TV Feature Innovation Reaches the Limit

TV Feature Innovation Reaches the Limit

People don’t care about latest television innovations anymore…

The biggest exhibition of consumer electronics, CES 2014 in Las Vegas, has just finished, and it gave everyone a chance to look at the innovations coming our way this year. But here’s the thing: The big TV manufacturers are scared that people are not going to buy new sets because they don’t have a reason to upgrade.

Some of the TVs on display this year could arguably be described as the best ever produced. Innovations designed to capture the imagination of consumers include:

  • “4K Ultra HD” resolutions
  • 120 inch screens (that’s bigger than some of my walls!)
  • Curved screens
  • Voice and gesture control
  • OLED screen technology
  • Internet video streaming integration

LG Ultra HD Television

However, this trend of adding new features has accelerated over the past few years, because its becoming harder and harder to convince people to buy a new TV. Now that the majority of people have an HDTV, whether its 32 – 42 inches, most people find that their current set is sufficient for their needs. Over all, in the year that ended in November, TV makers sold $15.5 billion worth of sets in the United States in 2013, down about 4 percent from the same period in 2012, according to NPD. Worldwide, manufacturers shipped 155.4 million television sets in the first three quarters of 2013, down about 3.6 percent from the same period in 2012, according to NPD DisplaySearch.

In fact, there is a limit to how much resolution the human eye is able to recognise depending on how big a screen is and how far away it is. For most appartments that cannot fit a 50+ inch screen, you wouldn’t actually be able to tell the difference between an HDTV and a new 4K TV. The chart below shows the preferable screen resolutions and sizes.

Ideal screen resolutions for various screen sizes for people with good (20/20) vision.

Ideal Screen Resolutions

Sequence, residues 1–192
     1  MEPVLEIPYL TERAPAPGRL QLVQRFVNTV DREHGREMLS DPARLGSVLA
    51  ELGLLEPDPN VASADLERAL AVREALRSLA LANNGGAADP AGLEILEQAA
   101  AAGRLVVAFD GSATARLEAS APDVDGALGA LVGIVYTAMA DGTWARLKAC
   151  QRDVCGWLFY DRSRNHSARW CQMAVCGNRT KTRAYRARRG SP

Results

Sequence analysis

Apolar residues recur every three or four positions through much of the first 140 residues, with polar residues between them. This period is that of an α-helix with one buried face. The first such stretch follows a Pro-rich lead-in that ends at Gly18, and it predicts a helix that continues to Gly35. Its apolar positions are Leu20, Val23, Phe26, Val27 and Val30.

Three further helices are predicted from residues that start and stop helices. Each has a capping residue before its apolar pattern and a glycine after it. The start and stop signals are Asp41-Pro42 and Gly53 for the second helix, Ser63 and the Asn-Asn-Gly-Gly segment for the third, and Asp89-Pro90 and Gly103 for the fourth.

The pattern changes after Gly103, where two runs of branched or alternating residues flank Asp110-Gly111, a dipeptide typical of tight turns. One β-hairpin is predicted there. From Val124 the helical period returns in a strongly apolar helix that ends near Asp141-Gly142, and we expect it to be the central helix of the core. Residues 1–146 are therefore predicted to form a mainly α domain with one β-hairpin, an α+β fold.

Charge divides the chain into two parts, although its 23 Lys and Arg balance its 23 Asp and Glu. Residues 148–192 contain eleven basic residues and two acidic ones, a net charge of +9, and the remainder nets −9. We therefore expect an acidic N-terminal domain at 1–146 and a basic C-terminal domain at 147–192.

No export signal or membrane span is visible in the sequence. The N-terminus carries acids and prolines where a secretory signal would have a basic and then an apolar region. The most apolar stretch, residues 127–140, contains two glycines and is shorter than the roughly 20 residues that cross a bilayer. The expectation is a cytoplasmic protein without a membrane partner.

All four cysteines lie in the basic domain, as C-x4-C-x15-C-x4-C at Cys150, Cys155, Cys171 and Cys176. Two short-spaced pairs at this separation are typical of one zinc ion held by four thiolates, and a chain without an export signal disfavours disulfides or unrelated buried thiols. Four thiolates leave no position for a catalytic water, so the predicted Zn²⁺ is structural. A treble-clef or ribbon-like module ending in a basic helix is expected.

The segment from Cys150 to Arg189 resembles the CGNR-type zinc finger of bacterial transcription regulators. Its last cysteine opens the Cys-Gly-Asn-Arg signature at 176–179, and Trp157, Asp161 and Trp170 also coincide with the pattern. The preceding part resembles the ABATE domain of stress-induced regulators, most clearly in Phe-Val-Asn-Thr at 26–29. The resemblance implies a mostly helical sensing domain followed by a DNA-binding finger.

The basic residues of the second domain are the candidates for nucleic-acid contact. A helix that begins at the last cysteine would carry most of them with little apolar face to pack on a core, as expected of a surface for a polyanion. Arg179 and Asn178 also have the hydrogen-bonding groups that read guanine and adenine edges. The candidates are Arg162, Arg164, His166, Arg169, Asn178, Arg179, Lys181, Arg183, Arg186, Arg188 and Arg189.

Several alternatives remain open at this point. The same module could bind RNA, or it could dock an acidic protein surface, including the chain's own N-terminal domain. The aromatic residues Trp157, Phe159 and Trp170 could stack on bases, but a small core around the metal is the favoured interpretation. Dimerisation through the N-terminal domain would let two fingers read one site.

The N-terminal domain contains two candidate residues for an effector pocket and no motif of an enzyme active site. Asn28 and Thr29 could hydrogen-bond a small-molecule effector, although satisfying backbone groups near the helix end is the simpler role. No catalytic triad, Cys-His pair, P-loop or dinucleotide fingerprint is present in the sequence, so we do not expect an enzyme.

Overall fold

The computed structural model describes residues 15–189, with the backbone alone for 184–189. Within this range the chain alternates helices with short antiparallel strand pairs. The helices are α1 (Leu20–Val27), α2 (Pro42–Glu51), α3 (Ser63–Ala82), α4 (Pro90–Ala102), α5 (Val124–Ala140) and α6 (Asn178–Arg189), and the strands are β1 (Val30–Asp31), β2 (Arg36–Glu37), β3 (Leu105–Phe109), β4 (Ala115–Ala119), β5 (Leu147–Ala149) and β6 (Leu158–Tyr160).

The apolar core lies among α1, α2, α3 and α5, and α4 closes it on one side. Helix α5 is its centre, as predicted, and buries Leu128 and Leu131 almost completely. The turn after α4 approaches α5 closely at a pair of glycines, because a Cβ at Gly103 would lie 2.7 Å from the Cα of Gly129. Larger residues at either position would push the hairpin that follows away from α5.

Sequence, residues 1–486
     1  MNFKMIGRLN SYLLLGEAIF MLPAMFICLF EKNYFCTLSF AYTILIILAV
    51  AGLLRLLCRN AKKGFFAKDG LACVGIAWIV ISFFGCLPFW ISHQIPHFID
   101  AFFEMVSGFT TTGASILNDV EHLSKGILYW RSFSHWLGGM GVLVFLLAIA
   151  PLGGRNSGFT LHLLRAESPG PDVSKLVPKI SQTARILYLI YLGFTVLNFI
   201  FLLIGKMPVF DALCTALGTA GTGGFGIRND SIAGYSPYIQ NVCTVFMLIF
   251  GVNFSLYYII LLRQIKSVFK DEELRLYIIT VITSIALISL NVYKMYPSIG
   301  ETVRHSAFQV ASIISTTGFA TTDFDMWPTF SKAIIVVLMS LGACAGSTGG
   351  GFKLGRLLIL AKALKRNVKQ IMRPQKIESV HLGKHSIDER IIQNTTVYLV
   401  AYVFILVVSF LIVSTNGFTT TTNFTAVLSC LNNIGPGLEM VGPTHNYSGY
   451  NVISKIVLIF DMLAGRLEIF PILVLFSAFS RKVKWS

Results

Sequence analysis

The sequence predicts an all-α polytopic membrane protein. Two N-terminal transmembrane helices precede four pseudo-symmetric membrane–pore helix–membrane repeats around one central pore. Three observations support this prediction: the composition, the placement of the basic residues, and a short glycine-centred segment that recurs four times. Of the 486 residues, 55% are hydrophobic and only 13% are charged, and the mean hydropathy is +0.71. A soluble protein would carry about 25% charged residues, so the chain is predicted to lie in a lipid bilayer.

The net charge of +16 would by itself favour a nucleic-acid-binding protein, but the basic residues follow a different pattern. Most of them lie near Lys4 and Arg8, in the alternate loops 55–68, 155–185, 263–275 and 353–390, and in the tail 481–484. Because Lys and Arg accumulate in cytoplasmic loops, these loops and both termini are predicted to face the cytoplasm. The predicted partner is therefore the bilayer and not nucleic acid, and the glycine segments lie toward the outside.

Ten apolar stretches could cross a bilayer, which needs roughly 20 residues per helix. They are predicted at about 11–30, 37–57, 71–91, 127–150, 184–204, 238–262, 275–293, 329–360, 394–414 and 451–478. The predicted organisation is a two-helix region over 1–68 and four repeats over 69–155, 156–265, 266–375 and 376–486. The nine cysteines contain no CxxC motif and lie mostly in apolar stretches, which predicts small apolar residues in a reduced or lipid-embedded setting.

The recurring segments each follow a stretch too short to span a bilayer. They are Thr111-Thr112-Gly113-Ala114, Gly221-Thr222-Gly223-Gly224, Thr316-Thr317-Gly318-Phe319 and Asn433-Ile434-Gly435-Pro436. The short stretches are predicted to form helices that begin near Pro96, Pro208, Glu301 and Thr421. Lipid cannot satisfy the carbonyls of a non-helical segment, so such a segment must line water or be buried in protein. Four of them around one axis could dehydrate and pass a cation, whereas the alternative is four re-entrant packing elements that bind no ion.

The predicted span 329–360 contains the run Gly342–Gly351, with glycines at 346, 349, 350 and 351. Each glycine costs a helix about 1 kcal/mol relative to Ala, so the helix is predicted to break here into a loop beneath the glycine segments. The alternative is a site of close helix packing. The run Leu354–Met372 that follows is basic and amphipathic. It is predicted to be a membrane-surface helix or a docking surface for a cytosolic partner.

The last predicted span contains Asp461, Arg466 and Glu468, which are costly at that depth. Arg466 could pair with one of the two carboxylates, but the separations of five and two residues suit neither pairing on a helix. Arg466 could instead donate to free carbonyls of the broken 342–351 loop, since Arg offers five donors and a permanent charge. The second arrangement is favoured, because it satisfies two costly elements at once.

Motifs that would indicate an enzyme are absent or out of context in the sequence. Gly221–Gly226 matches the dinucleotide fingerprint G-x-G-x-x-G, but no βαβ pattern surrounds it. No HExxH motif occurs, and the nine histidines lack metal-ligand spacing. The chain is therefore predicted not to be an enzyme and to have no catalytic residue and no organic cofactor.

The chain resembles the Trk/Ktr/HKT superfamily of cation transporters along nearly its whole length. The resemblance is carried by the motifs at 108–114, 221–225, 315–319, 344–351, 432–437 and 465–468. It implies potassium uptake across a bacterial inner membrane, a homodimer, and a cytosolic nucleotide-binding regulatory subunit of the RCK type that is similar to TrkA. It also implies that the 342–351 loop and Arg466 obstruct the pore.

4K resolutions are just one of the most recent innovations which manufacturers hoped would convince their target customers that their current sets are no longer good enough. Does everyone remember the previous “must-have” feature that was going to convince everyone to upgrade: 3D TV? Well, at CES 2014 3DTV has been more or less declared as dead, with some of the major manufacturers saying they will no longer include the feature. A recent survey even found that 8 out of 10 consumers who bought a 3D regret their decision.

People’s viewing habits have also changed from 5 years ago. Instead of the TV being the focal point of entertainment in the living room, many people now use their tablets or even their phones to watch TV content. Streaming services like Netflix even mean that some people are forgoing buying a TV altogether and use their “second screens” for all of their viewing habits.

Second screens are becoming the primary screen for TV content in more and more households

TV manufacturers have therefore reached an impasse where they are continuously developing expensive new innovations, but finding that consumers just aren’t seeing enough value in them to purchase. Samsung, the world’s biggest TV manufacturer, has even admitted that their innovation strategy needs to be changed in 2014. In his annual speech to employees, chairman Lee Kun-hee said the company needed to “get rid of business models and strategies from five, ten years ago and hardware-focussed ways,” The Wall Street Journal reports, quoting a statement sent to it by Samsung.

So what can these companies do to improve their chances of success? I would suggest that this is the time for them to start thinking of different ways to innovate. One of the most successful ways I often discuss with clients is to move away from just thinking about product and feature improvements to some of the other Ten Types of Innovation, which I’ve gone through in more detail on in the past.

So are you going to buy a 120 inch TV this year? Let us know in the comments below.


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Nick SkillicornNick Skillicorn is an Innovation consultant and Creativity coach in London, and author of 30 Days of Creativity Training. Find out what Improvides can do for your organisation.

Nicholas Skillicorn




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  1. Filiberto Amati on January 28, 2014 at 7:35 am

    I think that TV manufacturers should embrace a consumer centric innovation rather then a technological push. 3D is a gimmick at the most, consumers get excited about it, but don’t actually use it as much. Very few 3D movies have cinematic experience, and the low performance vs. high expectations puts an end to that. TV Size have increased steadily year after year because of the lowering cost of panels and displays, to a point in which consumers – in particular urban dwellers – are asking themselves whether they should ‘upgrade’ their home before they buy a new TV (which would not fit within their current architectural constraints). Furthermore the most ‘irritating’ part is that producer continue to use 3-4 digits codes as benefits, when in consumer minds those are just what we call in marketing ‘Reasons to believe.’
    And BTW nobody is talking about the fact that flat panel TVs have a shorter and shorter shelf life…..

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